I think, unfortunately, in the Abbott-Turnbull period in Australia, it frankly lurched wildly in different directions and most spectacularly Mr. Turnbill’s statement of last December when he proclaimed to the world at large that the Australian people and finally risen up spontaneously against the Chinese hordes. I mean it was just nonsense. And since then the government has been in damage control. For Australia’s sake, I’m glad that Foreign Minister Marise Payne, is on her way back to Beijing.
Bloomberg: You talk about the traditional alliance with Washington — President Trump won't be attending summit season. He's not going to be at ASEAN, he won't be at APEC. Is that the elephant in the room suggesting that the U.S. is pivoting away from Asian engagement, and do Australia and some of the other Asia-Pacific nations — will they eventually have to choose?
Kevin Rudd: No, I don’t believe this idea of the bold binary choice between China and the United States is a realistic framing of the debate for a country like Australia — or even for that matter, for a small country like Singapore, where we are at the moment. The statecraft of both those countries, for example, is, I think, much more intelligent than that, fundamentally. It seeks this balanced relationship up the middle. Now I do believe we can carve out a future with China and still maintain our security alliance with the United States. The warning for America, though, is a bit like this. Number one: The global center of, let's call it, economic gravity, for now a decade and a half has been moving decisively from the Atlantic to the Pacific against most of the measures. First, trade; increasingly, investment flows; lately, capital flows; and now, the huge new competition on technology. That's what's happening. And secondly, you see the change in the global military balance as well. For example, three years ago, Asia for the first time spent more on military hardware than Europe. As an indication of the shifting ground and terrain, these things are quite profoundly shaping the firmament. America's problem is this: not fully recognizing those realities at all levels of its leadership, but secondly, assuming that whatever happens after Trump, and whatever Trump does in terms of nationalism, isolationism, and the rest, that somehow the game is just automatically resumed by America, and the caravan hasn't moved on somewhere more complex in the meantime. It will have moved on somewhere, not irretrievably so. And if America wants to be an integral part of this region in the future, you can't just say to regional summit season, "we're not interested in coming to your meetings" or "we're not interested in sitting down and having one-to-ones with the heads of government from Southeast Asia." It's part of the turf of being President of the United States of America. If you want global leadership, you've got to work for it too.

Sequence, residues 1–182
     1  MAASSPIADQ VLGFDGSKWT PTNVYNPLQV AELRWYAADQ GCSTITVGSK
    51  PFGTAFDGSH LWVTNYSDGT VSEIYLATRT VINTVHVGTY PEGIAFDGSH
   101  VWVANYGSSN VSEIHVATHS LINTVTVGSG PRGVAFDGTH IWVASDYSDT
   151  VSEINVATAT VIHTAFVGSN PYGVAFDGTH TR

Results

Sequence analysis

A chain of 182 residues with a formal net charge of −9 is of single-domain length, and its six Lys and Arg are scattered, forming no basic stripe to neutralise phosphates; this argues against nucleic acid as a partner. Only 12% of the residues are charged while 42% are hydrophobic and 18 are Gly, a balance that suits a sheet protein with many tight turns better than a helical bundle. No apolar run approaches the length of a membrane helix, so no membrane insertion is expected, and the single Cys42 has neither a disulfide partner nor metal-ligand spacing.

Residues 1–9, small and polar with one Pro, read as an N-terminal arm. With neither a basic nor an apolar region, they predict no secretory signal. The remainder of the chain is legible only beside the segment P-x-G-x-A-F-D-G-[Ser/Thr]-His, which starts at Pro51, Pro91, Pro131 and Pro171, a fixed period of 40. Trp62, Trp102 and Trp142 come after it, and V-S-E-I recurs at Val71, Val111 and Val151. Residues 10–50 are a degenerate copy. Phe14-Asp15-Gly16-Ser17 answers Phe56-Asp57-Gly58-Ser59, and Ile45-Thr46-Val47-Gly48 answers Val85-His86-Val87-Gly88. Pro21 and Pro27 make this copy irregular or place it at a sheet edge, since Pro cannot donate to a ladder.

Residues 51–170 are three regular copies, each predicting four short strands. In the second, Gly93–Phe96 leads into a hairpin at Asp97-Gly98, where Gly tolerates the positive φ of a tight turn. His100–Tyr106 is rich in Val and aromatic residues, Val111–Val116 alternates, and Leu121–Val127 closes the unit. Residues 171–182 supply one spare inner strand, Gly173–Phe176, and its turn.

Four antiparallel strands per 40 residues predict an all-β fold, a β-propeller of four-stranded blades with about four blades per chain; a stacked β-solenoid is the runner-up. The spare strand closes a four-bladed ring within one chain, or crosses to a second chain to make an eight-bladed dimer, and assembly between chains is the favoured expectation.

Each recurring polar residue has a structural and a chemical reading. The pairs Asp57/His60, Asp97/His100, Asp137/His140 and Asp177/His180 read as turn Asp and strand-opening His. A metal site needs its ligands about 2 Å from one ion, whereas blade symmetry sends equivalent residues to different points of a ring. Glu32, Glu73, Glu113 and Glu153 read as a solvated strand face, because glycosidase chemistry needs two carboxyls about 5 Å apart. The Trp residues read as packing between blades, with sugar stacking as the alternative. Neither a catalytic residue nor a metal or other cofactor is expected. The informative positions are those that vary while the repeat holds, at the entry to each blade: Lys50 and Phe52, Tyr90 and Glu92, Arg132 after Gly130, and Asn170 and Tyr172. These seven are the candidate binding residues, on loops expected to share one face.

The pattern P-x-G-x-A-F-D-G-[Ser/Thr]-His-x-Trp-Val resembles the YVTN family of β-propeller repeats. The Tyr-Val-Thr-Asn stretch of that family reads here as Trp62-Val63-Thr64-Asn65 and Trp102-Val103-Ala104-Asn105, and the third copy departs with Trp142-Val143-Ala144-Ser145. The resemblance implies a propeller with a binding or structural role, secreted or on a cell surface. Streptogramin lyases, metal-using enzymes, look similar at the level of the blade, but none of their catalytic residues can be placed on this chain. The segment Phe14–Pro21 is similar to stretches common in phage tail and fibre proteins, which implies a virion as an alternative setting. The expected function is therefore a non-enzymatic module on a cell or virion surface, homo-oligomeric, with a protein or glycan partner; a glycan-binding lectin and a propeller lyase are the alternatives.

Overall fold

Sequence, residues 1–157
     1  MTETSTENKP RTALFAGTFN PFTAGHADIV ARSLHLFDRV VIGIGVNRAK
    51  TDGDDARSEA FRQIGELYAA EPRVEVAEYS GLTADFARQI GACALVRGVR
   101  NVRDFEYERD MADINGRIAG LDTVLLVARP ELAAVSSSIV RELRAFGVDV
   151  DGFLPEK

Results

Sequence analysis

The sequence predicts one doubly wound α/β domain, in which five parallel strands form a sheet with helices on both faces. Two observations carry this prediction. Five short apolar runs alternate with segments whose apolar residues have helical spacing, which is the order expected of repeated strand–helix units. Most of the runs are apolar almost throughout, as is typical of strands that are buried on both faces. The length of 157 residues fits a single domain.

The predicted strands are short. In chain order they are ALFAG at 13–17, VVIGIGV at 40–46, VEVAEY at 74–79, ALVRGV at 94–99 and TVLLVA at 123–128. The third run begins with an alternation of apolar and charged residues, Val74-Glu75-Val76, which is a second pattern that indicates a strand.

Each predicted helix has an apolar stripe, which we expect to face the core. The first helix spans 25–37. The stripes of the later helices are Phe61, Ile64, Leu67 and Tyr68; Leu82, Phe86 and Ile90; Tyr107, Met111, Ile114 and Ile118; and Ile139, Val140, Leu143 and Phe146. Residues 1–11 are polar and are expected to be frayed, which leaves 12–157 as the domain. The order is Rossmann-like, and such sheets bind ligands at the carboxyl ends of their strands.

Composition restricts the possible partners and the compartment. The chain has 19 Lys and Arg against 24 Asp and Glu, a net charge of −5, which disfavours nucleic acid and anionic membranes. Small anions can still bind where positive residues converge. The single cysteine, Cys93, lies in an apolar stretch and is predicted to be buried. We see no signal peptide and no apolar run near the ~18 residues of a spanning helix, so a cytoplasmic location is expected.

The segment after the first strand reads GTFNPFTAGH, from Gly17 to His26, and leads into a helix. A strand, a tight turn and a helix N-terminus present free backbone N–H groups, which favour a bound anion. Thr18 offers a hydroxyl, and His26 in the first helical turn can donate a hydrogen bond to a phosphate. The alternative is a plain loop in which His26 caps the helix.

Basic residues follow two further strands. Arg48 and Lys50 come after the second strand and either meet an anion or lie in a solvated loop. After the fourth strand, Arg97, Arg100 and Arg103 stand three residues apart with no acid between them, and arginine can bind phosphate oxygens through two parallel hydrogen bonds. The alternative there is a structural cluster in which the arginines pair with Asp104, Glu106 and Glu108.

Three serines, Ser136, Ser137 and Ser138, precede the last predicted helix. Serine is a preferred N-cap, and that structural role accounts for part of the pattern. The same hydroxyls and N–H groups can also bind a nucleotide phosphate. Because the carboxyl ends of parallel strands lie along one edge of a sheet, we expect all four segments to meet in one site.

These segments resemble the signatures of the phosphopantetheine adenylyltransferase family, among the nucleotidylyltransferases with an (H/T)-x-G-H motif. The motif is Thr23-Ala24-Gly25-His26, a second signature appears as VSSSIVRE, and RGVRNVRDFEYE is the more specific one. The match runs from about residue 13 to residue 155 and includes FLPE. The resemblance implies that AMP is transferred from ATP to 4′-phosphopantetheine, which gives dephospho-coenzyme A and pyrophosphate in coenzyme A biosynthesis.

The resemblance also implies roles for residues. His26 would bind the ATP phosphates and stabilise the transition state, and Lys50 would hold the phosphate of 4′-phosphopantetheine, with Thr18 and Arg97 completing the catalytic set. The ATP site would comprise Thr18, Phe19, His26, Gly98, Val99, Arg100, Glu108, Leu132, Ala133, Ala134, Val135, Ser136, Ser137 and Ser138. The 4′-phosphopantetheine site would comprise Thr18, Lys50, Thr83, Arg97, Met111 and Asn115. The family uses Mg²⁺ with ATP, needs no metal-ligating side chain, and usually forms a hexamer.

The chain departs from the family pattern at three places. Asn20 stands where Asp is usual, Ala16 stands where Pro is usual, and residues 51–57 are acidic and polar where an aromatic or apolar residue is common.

Bloomberg: Just before we go — no doubt China will be top of mind and top of conversations over the next couple of days. Is there an opportunity to talk about what Xi Jinping actually wants, in terms of — China's being viewed as increasingly strategically aggressive against the backdrop of the trade war as well. What does China want?
Kevin Rudd: Well this is, I think, one of the two deep questions challenging the world today. I think the reality of Xi Jinping's worldview is that he is not status quo. He wants to change things. And as a result of that, reaction is incurring. He wants, obviously, a wealthy China — no problems with that. He wants a China comfortable in its own national skin — nothing wrong with that. He wants a China where the party remains dominant — others around the world react to that. He has abolished term limits for the presidency — people have reacted against that. China wants to assert its own territorial claims militarily in the South China Sea — people are really reacting to that. And with the Belt and Road Initiative as a geo-economic concept, it's unfolding. And so the reality is that Xi Jinping's worldview is not a status quo China. It's a changing China. And so therefore, understanding clearly the scope of that, but also its internal constraints — vis-à-vis, for example, the current state of the Chinese economy, which is slowing quite rapidly — that's part of the wisdom of understanding how the rest of the region, and how the rest of the West, including the United States, then deals with China in the future.